The King, starring Hollywood’s favourite soft boys Timothée Chalamet as King Henry V and Robert Pattinson as Prince Louis, le Dauphin of France is Netflix’s latest blockbuster. Co-written by film director David Michôd and actor Joel Edgerton, as well as produced by Brad Pitt, The King is an on-screen reinterpretation of William Shakespeare’s Henry V, a play from his Henriad tetralogy.
The film is the story of a young man’s quest for himself amidst the diplomacy and war conflict of interests and responsibilities that have fallen upon his head as King of England. As Hal confesses upon his rise to the English throne: ‘I can feel the weight of this crown I wear’.
The storyline presents a Hobbesian, Machiavellian plot as Hal constantly questions the loyalty of his counsellors that lead him into the battlefield against his will. As he strives for peace and conciliation in his kingdom after his father’s reign, filled with civil unrest, war and bloodshed, finally came to end, Hal finds himself under the pressure of his royal counsellors to trigger a war against the kingdom of France. Hal is thoroughly repulsed by the art of warfare practiced by the men who surround him, who ultimately betray him. Hal, in his quest for a sense of achievement as King Henry V proves to be one of England’s greatest kings as he forges peace in his kingdom, unlike his warrior father.
This is what ultimately inspired Director David Michôd and co-writer and actor, Joel Edgerton to make this film. As Joel Edgerton exclusively revealed to Strand Magazine on this years BFI London Film Festival red carpet: “Well, the whole reason we’re here is sort of my fault, because, I did the plays, Henry IV when I was 24/25 years old, and they’ve been swirling round in my brain and in my heart for such a long time. Then as I grew up and I started to get opportunities, and I’m very forward in trying to get my own things out there, and tell my own story, I wondered what it would be like to make a movie of Henry IV, and that’s when the conversation started with David [director]”.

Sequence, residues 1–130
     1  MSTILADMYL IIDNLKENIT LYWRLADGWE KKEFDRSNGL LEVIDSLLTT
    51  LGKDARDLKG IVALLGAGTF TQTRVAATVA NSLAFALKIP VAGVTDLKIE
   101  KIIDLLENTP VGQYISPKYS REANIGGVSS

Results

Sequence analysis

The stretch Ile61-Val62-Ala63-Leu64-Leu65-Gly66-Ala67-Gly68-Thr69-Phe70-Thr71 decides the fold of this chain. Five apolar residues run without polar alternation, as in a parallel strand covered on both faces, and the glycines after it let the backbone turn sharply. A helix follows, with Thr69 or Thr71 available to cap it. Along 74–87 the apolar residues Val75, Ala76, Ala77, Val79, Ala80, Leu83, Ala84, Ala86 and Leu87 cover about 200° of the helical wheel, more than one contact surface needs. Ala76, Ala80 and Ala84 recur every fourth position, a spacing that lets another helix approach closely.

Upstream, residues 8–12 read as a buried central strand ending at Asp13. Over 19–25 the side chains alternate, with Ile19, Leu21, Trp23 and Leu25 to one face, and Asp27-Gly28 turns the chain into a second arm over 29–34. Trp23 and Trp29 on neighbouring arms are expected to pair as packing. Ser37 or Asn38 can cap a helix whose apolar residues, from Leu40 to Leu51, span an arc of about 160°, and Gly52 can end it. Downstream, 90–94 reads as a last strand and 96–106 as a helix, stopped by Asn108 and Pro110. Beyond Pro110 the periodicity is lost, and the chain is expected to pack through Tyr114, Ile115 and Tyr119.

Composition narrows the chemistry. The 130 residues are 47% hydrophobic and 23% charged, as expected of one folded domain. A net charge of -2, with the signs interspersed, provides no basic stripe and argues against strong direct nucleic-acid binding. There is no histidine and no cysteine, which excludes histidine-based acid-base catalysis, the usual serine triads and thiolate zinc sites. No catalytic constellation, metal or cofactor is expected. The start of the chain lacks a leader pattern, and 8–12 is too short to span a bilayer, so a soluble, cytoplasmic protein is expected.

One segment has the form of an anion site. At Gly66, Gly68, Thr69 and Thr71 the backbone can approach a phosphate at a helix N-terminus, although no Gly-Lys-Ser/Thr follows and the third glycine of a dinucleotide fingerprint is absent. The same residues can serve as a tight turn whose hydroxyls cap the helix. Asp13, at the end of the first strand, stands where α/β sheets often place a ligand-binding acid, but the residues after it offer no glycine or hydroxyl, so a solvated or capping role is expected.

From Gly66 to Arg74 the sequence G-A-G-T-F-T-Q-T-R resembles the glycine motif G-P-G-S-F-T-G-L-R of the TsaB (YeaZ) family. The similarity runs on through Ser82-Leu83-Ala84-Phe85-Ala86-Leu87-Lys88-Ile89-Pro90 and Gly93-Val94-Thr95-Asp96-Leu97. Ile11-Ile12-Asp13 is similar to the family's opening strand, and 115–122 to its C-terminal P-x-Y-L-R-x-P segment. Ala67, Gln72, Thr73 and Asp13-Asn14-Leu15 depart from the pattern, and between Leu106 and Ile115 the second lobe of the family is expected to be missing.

Regarding the interest in the era of Henry IV, Edgerton added: “There was also something so interesting in there about the fact that Henry was 26 when he became king, he probably wasn’t even 26 yet – when I was 26 I could hardly make my own breakfast, let alone run a country. So that idea of an ideological young mind coming into a seat of power saying ‘I’m going to do things differently’, I can presume that changed the system and systems don’t get changed really easily. That’s a reflection on a lot of modern politics too, today you get a lot of younger people aiming to make a change and run companies but on a political scale that hasn’t quite happened yet. There’s always been this sense that younger people learn wisdom from older people, but I think it’s important to understand that young people have as much to teach older people and if that happens on a political scale that would be great.”
Timothée Chalamet portrays Prince Hal majestically. The force of his chameleonic acting ability is truly outstanding in "The King". His portrayal of King Henry V in his youth bring a tour de force to his career after his Award nominated performances in "Beautiful Boy" (2018), "Lady Bird" (2017) and "Call Me by Your Name" (2017). He dominates the character’s gloominess and melancholia as well as his courage, bravery and strength with magnetic power. The way in which Timothée Chalamet feels his character’s quest to find himself is candidly hypnotic. His portrayal of King Henry V could easily place him on this year’s Academy Awards race. The chemistry with his supposed real-life lover, Lily Rose Depp is captivating as she gives a strong and powerful performance as Princess Catherine although her on-screen appearance is quite short-lived and leaves the spectator wanting more interactions between the pair. Robert Pattinson gives a thrilling performance as le Dauphin, mastering his character’s twisted thirst for war as well as his French eloquence, that is one to remember. The actors rendition of some of the most iconic characters in the history of England is only heightened by the cinematography of Adam Arkapaw, who masterfully assembles every shot of the movie into a master painting in movement.
Edited by Andriani Scordellis, Film Editor